Thursday, August 14, 2014

Addressing Pólya's list

When I first started really digging into the education reform movement a few years ago, it quickly became obvious that, with remarkably few exceptions, my educational philosophy (which was heavily influenced the eminent 20th Century mathematician George Pólya) was sharply different from the prevailing ideas of the movement. I  initially assumed this was just me being out of the loop. After all, it's been a long time since I've taken an education class and even back then Pólya's pedagogical work had been around for decades. I thought that those on the other side of the debate either weren't familiar with Pólya's work on teaching or had examined and rejected the ideas.

The truth seems to be more complicated. As I spend more time in the reform world, I keep seeing ideas and techniques that either seemed to be or explicitly were derived from Pólya's How to Solve It. Normally, I would be pleased to see this but almost invariably there's something off about these examples, as if they had lost something important in translation.  Perhaps even worse, the Pólya-derived ideas never really meshed with the other concepts being presented and often directly contradicted them (try reconciling the methods of How to Solve It with deliberate practice).

After a while, I realized part of the problem: virtually all of these lessons were derived from a tiny sliver of the man's writing, not just a single one of his books but from the inside cover of that one book.

"The list" is one of the best and best-known features of How to Solve It. It is also one of the most problematic. On the plus side, it provides in concise form both Pólya's four phases of problem-solving and a useful collection of "questions and suggestions" that instructors may use either as comments while solving a problem for a class or as hints while helping students individually. Pólya's approach relied heavily on Socratic dialogues. These could be teacher/student, teacher/self (as a running commentary when doing a problem for a class) or student/self (because the end goal is an internalized process). This list can be enormously helpful for teachers when first learning these techniques.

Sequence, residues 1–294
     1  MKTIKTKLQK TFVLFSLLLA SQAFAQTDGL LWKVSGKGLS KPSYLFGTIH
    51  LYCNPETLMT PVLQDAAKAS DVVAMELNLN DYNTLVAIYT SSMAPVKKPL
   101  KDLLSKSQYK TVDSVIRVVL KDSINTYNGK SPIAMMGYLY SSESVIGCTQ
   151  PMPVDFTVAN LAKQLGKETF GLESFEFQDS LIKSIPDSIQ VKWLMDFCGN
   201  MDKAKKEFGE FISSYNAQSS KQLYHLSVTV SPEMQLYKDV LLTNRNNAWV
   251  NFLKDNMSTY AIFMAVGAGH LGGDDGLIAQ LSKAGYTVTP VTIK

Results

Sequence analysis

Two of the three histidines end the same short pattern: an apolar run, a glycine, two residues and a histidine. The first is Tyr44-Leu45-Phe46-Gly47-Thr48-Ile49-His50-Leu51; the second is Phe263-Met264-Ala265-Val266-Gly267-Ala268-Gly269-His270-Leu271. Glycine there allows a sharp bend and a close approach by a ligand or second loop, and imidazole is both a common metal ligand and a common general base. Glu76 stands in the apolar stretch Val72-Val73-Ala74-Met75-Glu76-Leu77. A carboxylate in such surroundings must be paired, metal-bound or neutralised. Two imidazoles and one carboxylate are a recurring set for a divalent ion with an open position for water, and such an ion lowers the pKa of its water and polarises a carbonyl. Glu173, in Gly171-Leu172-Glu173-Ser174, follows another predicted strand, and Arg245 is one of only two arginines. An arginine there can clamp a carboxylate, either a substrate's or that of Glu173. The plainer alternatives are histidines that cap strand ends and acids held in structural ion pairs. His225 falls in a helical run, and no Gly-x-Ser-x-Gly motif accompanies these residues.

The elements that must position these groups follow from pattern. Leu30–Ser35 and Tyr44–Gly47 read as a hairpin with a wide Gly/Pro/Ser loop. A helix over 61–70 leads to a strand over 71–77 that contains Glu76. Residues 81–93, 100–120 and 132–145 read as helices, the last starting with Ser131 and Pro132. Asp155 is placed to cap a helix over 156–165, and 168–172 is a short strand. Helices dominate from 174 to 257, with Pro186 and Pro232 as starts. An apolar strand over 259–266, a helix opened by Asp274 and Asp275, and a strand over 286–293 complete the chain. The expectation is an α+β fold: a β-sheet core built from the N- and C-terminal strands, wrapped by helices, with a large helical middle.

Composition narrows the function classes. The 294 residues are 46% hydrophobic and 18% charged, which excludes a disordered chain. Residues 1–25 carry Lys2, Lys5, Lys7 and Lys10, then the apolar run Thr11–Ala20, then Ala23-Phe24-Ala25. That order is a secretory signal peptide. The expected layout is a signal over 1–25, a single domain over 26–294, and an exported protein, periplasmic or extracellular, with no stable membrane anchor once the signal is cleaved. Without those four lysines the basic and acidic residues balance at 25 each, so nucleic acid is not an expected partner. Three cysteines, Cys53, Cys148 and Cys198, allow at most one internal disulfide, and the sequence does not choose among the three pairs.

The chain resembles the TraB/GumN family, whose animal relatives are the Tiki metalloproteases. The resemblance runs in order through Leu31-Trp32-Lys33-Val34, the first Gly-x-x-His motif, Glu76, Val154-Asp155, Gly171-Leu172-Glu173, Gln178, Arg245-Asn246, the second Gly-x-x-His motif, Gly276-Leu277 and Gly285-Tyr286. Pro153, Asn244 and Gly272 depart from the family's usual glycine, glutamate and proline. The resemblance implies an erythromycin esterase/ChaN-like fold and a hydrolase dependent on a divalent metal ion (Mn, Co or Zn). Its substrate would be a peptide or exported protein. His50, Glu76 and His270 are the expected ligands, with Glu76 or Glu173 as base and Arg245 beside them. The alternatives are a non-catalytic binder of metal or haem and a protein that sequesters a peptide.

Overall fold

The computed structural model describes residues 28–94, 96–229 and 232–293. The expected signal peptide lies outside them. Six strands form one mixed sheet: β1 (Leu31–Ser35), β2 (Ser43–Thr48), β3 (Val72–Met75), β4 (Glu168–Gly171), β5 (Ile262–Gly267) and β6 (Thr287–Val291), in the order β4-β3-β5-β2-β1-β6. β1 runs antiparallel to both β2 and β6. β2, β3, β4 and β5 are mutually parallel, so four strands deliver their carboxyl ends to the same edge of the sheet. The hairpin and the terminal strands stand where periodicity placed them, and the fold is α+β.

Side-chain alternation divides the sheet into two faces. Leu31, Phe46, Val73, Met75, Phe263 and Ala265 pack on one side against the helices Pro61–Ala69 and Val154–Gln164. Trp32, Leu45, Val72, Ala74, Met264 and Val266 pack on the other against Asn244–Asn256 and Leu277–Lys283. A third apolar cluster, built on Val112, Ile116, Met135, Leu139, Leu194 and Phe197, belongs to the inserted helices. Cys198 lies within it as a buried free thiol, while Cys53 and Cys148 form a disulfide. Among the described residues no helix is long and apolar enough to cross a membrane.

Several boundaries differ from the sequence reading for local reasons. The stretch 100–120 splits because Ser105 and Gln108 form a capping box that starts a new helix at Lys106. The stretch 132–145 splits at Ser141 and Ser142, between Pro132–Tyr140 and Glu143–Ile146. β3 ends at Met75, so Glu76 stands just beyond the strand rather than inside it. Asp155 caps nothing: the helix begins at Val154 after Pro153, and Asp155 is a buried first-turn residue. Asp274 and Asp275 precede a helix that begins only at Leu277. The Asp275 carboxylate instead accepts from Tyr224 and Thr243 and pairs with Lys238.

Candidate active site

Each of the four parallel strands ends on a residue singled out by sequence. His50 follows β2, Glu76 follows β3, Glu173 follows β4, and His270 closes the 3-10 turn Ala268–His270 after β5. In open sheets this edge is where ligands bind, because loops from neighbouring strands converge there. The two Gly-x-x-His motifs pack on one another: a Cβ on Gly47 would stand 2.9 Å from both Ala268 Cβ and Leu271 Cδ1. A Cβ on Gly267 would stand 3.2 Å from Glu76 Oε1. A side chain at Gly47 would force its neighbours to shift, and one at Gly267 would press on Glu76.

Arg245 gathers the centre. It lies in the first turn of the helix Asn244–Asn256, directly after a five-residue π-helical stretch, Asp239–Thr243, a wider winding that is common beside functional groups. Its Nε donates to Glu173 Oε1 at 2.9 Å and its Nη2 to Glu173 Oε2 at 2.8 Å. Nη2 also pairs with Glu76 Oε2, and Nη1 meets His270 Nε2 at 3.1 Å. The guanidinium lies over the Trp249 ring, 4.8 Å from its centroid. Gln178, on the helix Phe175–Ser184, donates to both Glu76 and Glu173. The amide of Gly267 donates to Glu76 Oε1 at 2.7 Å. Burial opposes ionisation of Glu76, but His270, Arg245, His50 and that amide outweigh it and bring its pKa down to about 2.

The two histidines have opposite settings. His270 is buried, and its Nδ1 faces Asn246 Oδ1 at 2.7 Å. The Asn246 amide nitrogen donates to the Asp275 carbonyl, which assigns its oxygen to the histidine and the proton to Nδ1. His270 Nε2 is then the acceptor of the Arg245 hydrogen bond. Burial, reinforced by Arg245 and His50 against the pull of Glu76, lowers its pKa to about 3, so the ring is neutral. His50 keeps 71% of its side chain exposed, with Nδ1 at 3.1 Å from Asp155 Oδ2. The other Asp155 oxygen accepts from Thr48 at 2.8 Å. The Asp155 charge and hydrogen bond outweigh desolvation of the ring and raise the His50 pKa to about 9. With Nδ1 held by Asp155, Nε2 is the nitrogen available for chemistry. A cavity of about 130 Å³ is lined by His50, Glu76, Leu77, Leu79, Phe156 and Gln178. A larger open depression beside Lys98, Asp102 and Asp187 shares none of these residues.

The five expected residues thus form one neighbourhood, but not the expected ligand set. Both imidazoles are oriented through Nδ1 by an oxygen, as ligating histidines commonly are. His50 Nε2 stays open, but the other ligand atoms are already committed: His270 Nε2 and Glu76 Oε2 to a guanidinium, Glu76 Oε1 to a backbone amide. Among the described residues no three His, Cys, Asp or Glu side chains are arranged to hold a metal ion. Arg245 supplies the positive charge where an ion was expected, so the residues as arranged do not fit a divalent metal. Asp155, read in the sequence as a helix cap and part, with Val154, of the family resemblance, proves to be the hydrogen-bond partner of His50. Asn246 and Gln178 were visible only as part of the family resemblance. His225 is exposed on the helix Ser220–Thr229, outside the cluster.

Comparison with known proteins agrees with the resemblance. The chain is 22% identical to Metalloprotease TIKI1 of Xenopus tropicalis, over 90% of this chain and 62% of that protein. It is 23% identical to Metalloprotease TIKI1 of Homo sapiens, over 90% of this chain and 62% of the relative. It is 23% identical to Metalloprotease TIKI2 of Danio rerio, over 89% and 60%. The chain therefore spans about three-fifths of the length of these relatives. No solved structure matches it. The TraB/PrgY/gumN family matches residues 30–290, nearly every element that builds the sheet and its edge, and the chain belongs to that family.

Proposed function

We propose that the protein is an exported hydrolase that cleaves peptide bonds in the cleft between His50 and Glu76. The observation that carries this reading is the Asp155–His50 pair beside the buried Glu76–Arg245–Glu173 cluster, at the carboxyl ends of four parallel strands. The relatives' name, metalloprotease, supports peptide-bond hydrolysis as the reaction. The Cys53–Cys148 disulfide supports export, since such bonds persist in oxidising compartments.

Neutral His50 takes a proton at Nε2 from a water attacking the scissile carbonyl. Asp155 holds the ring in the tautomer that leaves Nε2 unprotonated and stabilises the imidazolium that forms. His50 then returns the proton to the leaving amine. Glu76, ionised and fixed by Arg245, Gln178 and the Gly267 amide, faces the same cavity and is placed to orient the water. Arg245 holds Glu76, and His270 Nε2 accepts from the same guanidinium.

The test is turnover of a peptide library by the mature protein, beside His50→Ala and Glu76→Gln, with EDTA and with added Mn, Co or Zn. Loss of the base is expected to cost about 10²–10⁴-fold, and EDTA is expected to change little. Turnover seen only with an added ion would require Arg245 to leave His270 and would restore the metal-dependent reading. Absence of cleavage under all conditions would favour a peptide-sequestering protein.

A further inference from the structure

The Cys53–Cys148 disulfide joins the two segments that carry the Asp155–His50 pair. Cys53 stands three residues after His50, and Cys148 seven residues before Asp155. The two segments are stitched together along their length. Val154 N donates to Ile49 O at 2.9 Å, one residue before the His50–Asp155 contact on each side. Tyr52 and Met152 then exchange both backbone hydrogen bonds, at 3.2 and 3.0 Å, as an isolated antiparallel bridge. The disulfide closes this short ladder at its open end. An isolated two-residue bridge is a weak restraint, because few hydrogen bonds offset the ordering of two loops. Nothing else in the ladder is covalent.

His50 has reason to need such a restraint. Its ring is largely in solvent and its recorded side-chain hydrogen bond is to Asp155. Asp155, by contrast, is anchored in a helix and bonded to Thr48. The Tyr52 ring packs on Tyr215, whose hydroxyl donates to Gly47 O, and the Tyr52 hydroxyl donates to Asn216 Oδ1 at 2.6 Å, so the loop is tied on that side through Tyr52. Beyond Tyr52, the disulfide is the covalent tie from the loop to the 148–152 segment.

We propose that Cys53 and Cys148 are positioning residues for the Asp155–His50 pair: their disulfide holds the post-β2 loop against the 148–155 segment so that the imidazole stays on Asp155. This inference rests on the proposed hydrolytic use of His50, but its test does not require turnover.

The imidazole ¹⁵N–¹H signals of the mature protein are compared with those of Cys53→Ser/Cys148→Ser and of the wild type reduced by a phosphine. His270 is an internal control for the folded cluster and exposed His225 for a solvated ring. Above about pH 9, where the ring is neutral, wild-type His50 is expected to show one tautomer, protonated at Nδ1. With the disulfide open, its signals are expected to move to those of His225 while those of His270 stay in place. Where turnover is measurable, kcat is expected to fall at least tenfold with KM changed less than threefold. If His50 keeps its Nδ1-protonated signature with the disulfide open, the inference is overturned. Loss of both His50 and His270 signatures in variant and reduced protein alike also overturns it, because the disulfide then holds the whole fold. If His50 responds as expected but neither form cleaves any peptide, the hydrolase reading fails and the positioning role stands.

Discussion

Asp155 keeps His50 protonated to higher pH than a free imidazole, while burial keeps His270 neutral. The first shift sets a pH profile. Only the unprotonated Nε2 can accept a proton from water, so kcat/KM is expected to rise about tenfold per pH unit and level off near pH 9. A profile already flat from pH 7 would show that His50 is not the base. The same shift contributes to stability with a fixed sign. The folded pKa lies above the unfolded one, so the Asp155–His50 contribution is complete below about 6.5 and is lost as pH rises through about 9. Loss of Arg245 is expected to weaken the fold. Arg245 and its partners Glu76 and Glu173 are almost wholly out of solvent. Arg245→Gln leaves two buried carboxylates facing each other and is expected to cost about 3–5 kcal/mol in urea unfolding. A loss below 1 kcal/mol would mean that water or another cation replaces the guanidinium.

On the minus side, for those who didn't go past the inside cover, the list looked like something it very much wasn't: an algorithm, a series of instructions to be followed in a well-defined manner which would reliably lead to the desired outcome.

Pólya explained explicitly and repeatedly that these were questions and suggestions that could be helpful if used in situations where they fit well and arose naturally.

He made these points frequently and emphatically enough that anyone who actually read How to Solve It (and it is neither a long nor difficult read) could hardly miss them..

Instead of providing a step-by-step approach, the primary purpose of these questions was to shift the focus of mathematics instruction less toward what and more toward why. Pólya wanted the steps we showed students to be not only right but reasonable.

I'll come back to this topic later with some examples of just how completely the reasonable part has been lost in translation.

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